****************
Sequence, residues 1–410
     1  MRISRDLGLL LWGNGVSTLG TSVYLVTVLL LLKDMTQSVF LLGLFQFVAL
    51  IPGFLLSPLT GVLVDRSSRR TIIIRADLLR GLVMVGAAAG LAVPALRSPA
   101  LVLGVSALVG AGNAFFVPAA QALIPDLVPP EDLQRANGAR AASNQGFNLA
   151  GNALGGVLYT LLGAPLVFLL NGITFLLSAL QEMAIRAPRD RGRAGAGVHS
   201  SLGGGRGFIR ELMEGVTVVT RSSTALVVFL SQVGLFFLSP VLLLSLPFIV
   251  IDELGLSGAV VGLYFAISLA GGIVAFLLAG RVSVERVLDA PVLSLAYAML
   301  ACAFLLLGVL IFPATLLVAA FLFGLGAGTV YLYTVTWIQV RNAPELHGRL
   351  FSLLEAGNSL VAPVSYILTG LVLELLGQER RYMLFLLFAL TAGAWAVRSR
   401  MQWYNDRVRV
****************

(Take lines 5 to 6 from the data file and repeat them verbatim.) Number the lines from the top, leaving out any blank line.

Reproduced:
   151  GNALGGVLYT LLGAPLVFLL NGITFLLSAL QEMAIRAPRD RGRAGAGVHS
   201  SLGGGRGFIR ELMEGVTVVT RSSTALVVFL SQVGLFFLSP VLLLSLPFIV